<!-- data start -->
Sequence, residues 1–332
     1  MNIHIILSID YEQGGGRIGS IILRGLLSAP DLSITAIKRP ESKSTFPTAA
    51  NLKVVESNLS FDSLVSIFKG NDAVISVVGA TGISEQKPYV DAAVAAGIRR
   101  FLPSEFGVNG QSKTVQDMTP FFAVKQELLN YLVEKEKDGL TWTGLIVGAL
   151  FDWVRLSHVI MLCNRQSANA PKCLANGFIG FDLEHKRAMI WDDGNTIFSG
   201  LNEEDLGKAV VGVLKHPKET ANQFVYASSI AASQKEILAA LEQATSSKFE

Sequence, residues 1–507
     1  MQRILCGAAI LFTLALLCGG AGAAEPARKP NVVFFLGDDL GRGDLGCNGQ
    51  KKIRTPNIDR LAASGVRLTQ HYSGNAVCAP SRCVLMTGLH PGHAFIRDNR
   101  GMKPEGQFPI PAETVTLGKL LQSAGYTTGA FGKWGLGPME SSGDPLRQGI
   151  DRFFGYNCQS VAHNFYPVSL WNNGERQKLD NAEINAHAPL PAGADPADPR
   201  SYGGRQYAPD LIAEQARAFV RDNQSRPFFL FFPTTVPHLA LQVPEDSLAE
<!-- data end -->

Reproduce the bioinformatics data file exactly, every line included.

Sequence, residues 1–332
     1  MNIHIILSID YEQGGGRIGS IILRGLLSAP DLSITAIKRP ESKSTFPTAA
    51  NLKVVESNLS FDSLVSIFKG NDAVISVVGA TGISEQKPYV DAAVAAGIRR
   101  FLPSEFGVNG QSKTVQDMTP FFAVKQELLN YLVEKEKDGL TWTGLIVGAL
   151  FDWVRLSHVI MLCNRQSANA PKCLANGFIG FDLEHKRAMI WDDGNTIFSG
   201  LNEEDLGKAV VGVLKHPKET ANQFVYASSI AASQKEILAA LEQATSSKFE

Sequence, residues 1–507
     1  MQRILCGAAI LFTLALLCGG AGAAEPARKP NVVFFLGDDL GRGDLGCNGQ
    51  KKIRTPNIDR LAASGVRLTQ HYSGNAVCAP SRCVLMTGLH PGHAFIRDNR
   101  GMKPEGQFPI PAETVTLGKL LQSAGYTTGA FGKWGLGPME SSGDPLRQGI
   151  DRFFGYNCQS VAHNFYPVSL WNNGERQKLD NAEINAHAPL PAGADPADPR
   201  SYGGRQYAPD LIAEQARAFV RDNQSRPFFL FFPTTVPHLA LQVPEDSLAE